Environmental Impact assessment in PPPs

Environmental Impact Assessment (EIA) is the process by which the anticipated effects on the environment of a proposed development or project are measured. If the likely effects are unacceptable, design measures or other relevant mitigation measures can be taken to reduce or avoid those effects.

The purpose of the assessment is to ensure that decision makers consider the environmental impacts when deciding whether or not to proceed with a project. An EIA must provide certain information to comply.

There are seven key areas that are required:
1. Description of the project

  • Description of actual project and site description
  • Break the project down into its key components, i.e. construction, operations, decommissioning
  • For each component list all of the sources of environmental disturbance
  • For each component all the inputs and outputs must be listed, e.g., air pollution, noise, hydrology

2. Alternatives that have been considered

  • Examine alternatives that have been considered
  • Example: in a biomass power station, will the fuel be sourced locally or nationally?

3. Description of the environment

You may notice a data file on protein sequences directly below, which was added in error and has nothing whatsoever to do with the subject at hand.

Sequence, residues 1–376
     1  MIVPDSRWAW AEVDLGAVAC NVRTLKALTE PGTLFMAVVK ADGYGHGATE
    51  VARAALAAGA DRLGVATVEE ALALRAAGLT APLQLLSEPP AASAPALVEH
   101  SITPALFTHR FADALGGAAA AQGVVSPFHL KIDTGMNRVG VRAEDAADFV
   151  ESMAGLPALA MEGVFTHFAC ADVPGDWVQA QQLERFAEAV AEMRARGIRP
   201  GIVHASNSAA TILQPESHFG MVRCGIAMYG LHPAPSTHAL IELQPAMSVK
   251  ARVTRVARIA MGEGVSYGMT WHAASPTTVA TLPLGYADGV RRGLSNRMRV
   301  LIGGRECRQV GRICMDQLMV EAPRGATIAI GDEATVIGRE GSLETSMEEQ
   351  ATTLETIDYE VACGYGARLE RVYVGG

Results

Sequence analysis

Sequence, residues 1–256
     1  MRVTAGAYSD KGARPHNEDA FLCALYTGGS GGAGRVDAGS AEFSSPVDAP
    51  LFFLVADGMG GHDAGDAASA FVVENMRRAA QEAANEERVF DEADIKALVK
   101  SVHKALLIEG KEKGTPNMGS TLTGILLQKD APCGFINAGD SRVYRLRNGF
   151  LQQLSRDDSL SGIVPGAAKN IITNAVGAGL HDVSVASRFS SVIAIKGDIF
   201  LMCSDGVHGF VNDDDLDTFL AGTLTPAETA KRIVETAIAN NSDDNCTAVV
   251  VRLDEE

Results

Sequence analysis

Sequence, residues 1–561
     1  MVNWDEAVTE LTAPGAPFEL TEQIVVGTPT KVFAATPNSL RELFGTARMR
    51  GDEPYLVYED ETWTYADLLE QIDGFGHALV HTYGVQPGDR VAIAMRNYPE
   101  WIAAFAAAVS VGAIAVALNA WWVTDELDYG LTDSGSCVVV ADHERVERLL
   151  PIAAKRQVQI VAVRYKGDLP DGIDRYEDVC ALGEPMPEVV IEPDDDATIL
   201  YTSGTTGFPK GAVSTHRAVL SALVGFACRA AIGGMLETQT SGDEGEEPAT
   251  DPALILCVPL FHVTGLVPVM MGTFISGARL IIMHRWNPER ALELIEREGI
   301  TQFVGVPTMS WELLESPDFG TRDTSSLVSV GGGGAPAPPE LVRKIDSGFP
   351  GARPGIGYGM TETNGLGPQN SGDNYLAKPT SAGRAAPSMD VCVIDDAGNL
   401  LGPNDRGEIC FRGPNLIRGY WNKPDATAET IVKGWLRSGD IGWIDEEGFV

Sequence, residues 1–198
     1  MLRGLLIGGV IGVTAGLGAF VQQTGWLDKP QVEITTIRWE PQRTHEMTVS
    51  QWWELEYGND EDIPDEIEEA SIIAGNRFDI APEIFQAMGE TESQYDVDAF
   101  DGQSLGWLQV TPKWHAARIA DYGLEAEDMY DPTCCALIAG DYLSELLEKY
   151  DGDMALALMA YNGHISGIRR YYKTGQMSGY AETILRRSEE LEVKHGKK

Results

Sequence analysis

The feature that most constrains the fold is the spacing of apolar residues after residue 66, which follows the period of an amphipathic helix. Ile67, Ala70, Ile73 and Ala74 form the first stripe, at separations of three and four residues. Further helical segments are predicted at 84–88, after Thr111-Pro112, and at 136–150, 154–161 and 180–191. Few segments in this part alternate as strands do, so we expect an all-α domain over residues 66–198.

• List of all aspects of the environment that may be affected by the development
  • Example: populations, fauna, flora, air, soil, water, humans, landscape, cultural heritage
  • This section is best carried out with the help of local experts, e.g. the RSPB in the UK

4. Description of the significant effects on the environment

  • The word significant is crucial here as the definition can vary
  • ‘Significant’ must be defined
  • The most frequent method used here is use of the Leopold matrix
  • The matrix is a tool used in the systematic examination of potential interactions
  • Example: in a wind farm development a significant impact may be collisions with birds

5. Mitigation

  • This is where EIA is most useful
  • Once section 4 is complete, it is obvious where impacts are greatest
  • Using this information ways to avoid negative impacts should be developed
  • Best working with the developer with this section as they know the project best
  • Using the wind farm example again construction could be out of bird nesting seasons

6. Non-technical summary (EIS)

  • The EIA is in the public domain and be used in the decision making process
  • It is important that the information is available to the public
  • This section is a summary that does not include jargon or complicated diagrams
  • It should be understood by the informed lay-person

7. Lack of know-how/technical difficulties

  • This section is to advise any areas of weakness in knowledge
  • It can be used to focus areas of future research
  • Some developers see the EIA as a starting block for poor environmental management
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